Posted: Wednesday April 09, 2003 11:32 AM
Updated: Wednesday April 16, 2003 11:40 AM
SI.com's Ryan Hunt takes a poke at answering a few baseball questions.
Which team's slow start appears to be the most troubling?
Matt Williams is one of the few Diamondbacks who is off to a good start.
This isn't the way the Arizona Diamondbacks penciled in the start of their the season: four combined starts from Randy Johnson and Curt Schilling with no wins and a 5.40 ERA. It looks like a misprint, but considering it, Arizona's 2-6 last-place mark doesn't.
But don't hang this one totally on the arms of their big guns.
The Diamondbacks are last in the National League in hitting at .213, failing to score more than three runs in any of their three games at Coors Field. This from an offense that remains largely intact after leading the NL in runs scored last season.
Junior Spivey, one of 2002's biggest surprises, has struggled out of the gate, with five hits in his first 29 at-bats. Danny Bautista (.130) looks sluggish after recovering from season-ending shoulder surgery. And top-of-the-order veterans Tony Womack and Steve Finley have combined for six hits in the first seven games.
And while Arizona has spent so much energy trying to find the elusive No. 3 complement to Schilling and Johnson -- with Elmer Dessens the main offseason upgrade -- Luis Gonzalez is the only piece of the offensive arsenal that scares you. It's only 10 days, but the Diamondbacks look like "Gonzo and the Question Marks" in a division with the stacked Giants and talented Dodgers.
What if Spivey's season was a fluke? What if this is the year Finley's production drops off? What if Bautista can't regain his breakout form? What if rookie Lyle Overbay can't adjust to life as an everyday player? What if Matt Williams gets hurt ... again?
Johnson and Schilling will come around. You can't be as certain about the offense.
Why do the Reds seem better without Junior?
It just doesn't make sense. And it shouldn't.
No one ever will confuse Reggie Taylor or Ruben Mateo for a Hall of Fame talent like Ken Griffey Jr. But since Griffey went down -- again -- with a long-term injury, the Reds have found short-term success. Cincinnati started 1-4 with Griffey in the lineup, but since Junior suffered a shoulder injury that will keep him out a minimum of six weeks, the Reds are 2-0.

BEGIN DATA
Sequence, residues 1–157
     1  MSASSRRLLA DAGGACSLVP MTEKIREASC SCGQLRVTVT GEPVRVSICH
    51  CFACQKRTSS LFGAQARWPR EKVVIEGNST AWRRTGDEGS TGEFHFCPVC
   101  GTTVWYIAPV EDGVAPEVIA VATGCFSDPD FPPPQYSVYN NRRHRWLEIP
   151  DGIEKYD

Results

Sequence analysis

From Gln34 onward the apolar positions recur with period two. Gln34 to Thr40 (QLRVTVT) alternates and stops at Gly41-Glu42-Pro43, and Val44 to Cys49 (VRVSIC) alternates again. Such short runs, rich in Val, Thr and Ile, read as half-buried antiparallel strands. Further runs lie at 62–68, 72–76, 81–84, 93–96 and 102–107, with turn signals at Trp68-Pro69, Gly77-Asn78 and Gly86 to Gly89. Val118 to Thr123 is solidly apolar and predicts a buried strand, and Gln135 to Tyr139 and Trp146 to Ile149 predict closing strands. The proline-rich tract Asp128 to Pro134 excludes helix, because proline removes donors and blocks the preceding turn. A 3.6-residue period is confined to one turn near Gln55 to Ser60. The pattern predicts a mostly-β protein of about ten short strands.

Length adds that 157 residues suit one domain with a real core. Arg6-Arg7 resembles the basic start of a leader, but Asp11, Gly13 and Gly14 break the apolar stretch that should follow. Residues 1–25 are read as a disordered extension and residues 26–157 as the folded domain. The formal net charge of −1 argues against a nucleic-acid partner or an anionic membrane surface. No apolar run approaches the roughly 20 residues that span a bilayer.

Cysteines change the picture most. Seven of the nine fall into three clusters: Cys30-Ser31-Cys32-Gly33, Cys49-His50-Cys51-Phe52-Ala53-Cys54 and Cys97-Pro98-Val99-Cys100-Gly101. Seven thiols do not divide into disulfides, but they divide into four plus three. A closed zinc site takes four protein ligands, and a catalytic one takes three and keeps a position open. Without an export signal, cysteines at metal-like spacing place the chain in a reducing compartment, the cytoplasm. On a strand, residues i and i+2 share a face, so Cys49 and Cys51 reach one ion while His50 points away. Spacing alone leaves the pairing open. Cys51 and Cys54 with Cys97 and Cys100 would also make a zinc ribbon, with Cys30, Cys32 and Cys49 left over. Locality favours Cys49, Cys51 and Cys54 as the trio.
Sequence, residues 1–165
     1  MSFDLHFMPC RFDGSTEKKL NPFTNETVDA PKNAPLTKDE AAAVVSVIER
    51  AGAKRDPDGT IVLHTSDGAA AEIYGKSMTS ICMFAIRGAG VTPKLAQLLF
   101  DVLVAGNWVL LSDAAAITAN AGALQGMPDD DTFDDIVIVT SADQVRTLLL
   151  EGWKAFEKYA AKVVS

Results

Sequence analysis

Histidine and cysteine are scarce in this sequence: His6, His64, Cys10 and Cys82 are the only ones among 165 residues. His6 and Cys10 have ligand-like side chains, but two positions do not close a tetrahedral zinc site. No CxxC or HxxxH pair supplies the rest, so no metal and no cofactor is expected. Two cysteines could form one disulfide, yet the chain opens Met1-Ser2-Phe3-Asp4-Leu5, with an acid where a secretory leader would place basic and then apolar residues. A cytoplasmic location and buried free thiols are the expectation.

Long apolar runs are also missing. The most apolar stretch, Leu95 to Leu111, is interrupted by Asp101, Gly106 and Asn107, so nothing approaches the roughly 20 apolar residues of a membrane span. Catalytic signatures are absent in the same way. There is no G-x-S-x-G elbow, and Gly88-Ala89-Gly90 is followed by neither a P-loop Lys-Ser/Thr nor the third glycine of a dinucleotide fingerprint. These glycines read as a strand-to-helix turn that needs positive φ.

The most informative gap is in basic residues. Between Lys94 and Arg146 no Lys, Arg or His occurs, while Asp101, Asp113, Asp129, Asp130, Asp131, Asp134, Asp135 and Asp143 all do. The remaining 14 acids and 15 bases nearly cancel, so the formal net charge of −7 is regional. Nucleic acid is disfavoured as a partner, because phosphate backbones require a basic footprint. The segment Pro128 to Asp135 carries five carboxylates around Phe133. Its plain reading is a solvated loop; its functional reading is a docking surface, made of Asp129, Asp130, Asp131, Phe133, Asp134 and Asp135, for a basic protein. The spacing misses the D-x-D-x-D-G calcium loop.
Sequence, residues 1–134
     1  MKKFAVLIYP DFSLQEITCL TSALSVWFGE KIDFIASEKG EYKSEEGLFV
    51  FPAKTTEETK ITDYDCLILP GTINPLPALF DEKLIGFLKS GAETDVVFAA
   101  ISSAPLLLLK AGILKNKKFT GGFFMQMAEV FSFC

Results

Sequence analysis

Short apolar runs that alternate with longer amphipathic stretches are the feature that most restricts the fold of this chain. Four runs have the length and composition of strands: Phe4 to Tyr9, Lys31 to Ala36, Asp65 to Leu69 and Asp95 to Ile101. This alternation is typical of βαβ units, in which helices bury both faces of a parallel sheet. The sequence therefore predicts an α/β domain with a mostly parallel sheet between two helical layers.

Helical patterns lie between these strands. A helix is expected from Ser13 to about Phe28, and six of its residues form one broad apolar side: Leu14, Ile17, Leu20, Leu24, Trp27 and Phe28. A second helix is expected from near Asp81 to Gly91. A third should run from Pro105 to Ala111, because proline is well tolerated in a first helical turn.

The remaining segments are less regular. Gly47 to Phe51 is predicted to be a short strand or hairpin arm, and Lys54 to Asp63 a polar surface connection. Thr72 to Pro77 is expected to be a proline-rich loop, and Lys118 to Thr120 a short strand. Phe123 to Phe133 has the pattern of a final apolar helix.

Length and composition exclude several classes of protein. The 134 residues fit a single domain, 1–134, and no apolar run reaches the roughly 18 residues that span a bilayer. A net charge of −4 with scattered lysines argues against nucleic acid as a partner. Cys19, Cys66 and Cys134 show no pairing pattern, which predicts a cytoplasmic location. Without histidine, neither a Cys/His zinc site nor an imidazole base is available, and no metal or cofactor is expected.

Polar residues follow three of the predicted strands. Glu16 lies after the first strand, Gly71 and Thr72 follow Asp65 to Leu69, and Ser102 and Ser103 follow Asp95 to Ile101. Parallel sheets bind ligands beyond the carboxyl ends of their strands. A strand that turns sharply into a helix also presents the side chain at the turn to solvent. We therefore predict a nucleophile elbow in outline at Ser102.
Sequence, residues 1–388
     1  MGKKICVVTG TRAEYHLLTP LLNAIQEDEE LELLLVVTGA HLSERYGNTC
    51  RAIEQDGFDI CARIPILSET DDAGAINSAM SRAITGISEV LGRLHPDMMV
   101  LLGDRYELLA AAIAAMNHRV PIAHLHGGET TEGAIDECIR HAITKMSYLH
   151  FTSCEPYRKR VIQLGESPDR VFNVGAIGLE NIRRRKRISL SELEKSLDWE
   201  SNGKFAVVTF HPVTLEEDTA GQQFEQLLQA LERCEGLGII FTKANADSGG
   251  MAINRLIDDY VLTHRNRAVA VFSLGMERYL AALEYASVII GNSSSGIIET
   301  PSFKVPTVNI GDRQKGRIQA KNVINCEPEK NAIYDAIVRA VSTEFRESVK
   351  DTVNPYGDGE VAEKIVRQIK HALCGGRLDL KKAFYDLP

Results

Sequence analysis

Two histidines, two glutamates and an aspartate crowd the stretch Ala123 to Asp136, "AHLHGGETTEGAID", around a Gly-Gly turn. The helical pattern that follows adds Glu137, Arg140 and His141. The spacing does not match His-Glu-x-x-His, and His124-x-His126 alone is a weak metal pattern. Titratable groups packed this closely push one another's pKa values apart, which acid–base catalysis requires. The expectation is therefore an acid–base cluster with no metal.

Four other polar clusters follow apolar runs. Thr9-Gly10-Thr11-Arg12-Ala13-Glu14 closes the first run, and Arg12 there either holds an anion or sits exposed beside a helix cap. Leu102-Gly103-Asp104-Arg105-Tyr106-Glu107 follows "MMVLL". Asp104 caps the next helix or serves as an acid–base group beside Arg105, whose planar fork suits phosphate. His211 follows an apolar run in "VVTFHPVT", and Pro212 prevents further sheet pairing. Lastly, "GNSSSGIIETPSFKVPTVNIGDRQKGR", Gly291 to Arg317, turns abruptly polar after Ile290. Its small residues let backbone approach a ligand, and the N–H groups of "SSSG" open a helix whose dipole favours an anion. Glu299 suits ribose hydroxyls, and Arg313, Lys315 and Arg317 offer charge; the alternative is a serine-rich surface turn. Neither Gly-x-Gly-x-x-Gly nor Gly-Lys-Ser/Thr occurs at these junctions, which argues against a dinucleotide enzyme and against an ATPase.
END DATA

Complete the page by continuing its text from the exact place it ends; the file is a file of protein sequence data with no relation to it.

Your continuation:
In the first half of last season -- in which Griffey suffered through two major injuries -- the Reds were 9-16 with Griffey in the lineup; 32-20 without him. Don't expect that to happen again.
The big difference this season will be the absence of Juan Encarnacion, who was dealt to Florida before the trade deadline last year. With Adam Dunn and Austin Kearns, the Reds' outfield was just as productive with Encarnacion. This season, Taylor and Mateo -- or even Barry Larkin, who worked in center field in spring training -- won't be able to fill that void.
What was Alan Trammell thinking by taking the Tigers' job?
How bad are the Tigers? Even only six games into the season, it's almost impossible to fathom all the ways. Sure, for the second consecutive season, Detroit is 0-6. But the Tigers have managed to make this season-opening slide look even worse.
Consider: The Tigers have only one player on the entire roster hitting above .200 (Gene Kingsale, .250). The entire team is hitting .133, scoring only six runs. In the 54 innings they've played, the Tigers have been retired 1-2-3 29 times (an amazing 53.7 percent). Detroit hasn't had an at-bat with a runner at third base with fewer than two outs all season -- with only two Eric Munson homers sending Tigers runners past second. And they have only 24 hits all season. The Marlins had 23 in one nine-inning victory over the Braves on Saturday.
Makes you wonder how quickly the first-year Trammell will want to put himself into the lineup. Surely he could get a runner to third base.
Can the Rangers get a refund for Chan Ho Park?
The world's highest-paid batting-practice pitcher is off to another fine start. After two starts, the league is hitting .423 off Park after 5 2/3 innings of 11-hit, 10-run work. For those scoring at home, that's a 15.88 ERA -- following up on last season's 5.75 gold standard -- for the low, low price of $12,884,803 a year. And there's only three years left on the contract. Ouch.
What's the hottest name in the game?
They're two underachieving shortstops with the same name. But it's been a big Alex Gonzalez party so far. The Cubs' Alex Gonzalez is hitting .536 (15 hits in 28 at-bats) with a league-leading eight doubles. The Marlins' version, meanwhile, is hitting .321 with four homers in 24 at-bats -- after a 2002 two-homer season that found him benched in favor of Andy Fox. At least for now, it's good to be an Alex Gonzalez.